Wednesday, February 4, 2009

Kobe Bryant Score 61 Against the NY Knicks: What's Everyone So Excited About?

Let me break the news because it’s huge and hot of the presses—Kobe Bryant scored 61 points last night. He set a new Madison Square Garden record by dropping a Roger Maris on the New York Knickerbockers. Loose the doves and let the angels sing for the basketball messiah is upon us!

**crickets chirping**

I don’t get it. I’ve seen a flurry of articles heralding the Next Coming just because Kobe went off. Just because he did it in Madison Square Garden. This is a guy who’s scored 81 points before. He’s dropped another 60+ in three quarters.

What’s the big deal about Kobe scoring 61 on the Knicks in a full game? I understand it was in MSG, so what? Does the building play defense? Is the crowd allowed to throw projectiles at opposing players? To block shots at the hoop?

Aren’t the Knicks terrible? Aren’t they selling off assets for spare/broken/expiring parts in preparation for the Great Free Agent Sales Event of 2010?

Isn’t their coach (Mike D’Antoni) notorious for a system that runs and guns without body armor, cover, or even pants? Don’t they try to score you into submission with defensive abandon? Am I missing something?

D’Antoni’s Phoenix Suns never played any defense and they had much better players than this version of the Knicks. Furthermore, Bryant could probably score 61 any night of the week, even against good defensive squads. He may very well drop 70 on the Boston Celtics if he’s feeling his oats—now THAT would be something to get excited about.

Ooooh, he grabbed yet another one of Michael Jordan’s records (single-game scoring total in MSG).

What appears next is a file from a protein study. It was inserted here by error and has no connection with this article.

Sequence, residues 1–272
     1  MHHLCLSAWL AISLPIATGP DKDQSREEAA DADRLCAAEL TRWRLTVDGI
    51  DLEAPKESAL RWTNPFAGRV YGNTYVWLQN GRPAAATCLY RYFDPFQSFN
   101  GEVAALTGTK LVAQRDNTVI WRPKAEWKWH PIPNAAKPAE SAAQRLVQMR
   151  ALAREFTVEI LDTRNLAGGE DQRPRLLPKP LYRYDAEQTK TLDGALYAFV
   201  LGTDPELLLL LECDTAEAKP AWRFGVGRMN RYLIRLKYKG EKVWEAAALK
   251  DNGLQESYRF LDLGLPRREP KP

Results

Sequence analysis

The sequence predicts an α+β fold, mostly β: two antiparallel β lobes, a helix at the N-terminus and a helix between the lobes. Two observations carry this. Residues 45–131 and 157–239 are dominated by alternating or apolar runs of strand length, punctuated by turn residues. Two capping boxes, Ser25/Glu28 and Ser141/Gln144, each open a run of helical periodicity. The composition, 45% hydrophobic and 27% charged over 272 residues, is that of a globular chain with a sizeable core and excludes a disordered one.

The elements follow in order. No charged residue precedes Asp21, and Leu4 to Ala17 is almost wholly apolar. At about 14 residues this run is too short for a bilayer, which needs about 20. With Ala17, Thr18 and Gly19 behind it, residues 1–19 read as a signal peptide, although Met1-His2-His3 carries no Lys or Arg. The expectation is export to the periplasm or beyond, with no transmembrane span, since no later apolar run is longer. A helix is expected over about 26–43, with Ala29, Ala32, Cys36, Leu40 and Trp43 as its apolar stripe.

Again, so what?

First, Jordan was playing a far superior Knick team that was known for its defense—hardly Big Apples to Big Apples. Second, and more importantly, someone will grab that record away from Kobe and it won’t make that cager any better than Bryant just as this game doesn’t mean Kobe’s any closer to His Airness. Records are made to be broken and stats are pretty, but often lack substance—neither is why the great players compete.

I don’t think the Lakers earned an extra win on the evening.

Do you honestly believe LeBron James couldn’t put up 61 against the Knicks? What about Carmelo Anthony? Dwayne Wade? Any of the other uber-scorers?

Who’s gonna stop them? David Lee? Ronaldo Balkman (is he even still on the team)? Nate Robinson? The best defender I can think of is Cuttino Mobley and that’s taking into consideration the fact that he’s not playing. Even more significant is the fact that one player can’t stop those guys (nor Kobe) and that means the team must defend.

Except we established that D’Antoni’s teams don’t D up; he doesn’t even expect them to apparently.

Let me tap the breaks a little because it sounds like I’m dismissing him—Kobe Bryant is amazing.

I don’t particularly like the guy especially because he dominates for a team hailing from Los Angeles and I’m a Northern Cali guy. BUT he is slowly winning me over—I can never resist truly great players, flaws and all.

And Kobe is certainly a great player, one of the all-time best and getting better.

I actually expected the Lakers to grab the National Basketball Association Championship this year due largely to Bryant. Having seen LeBron make another leap and then Andrew Bynum go down yet again (didn’t know they made guys that big out of wicker), I’m no longer so sure.

That doesn’t change my stance on Kobe Bryant, though.

I still think he’ll put up a year the likes of which we’ve never seen. For instance, I think lots of guys could drop 61 in Madison Square Garden if that was the goal. I don’t think for a second that a lot of guys could do it in the same, efficiently-effortless way.

That is part of what makes Kobe special.

And special he definitely is.

So special, in fact, that there is no reason to get so excited about scoring 61 points against a bad team that plays no defense.

Even one from New York.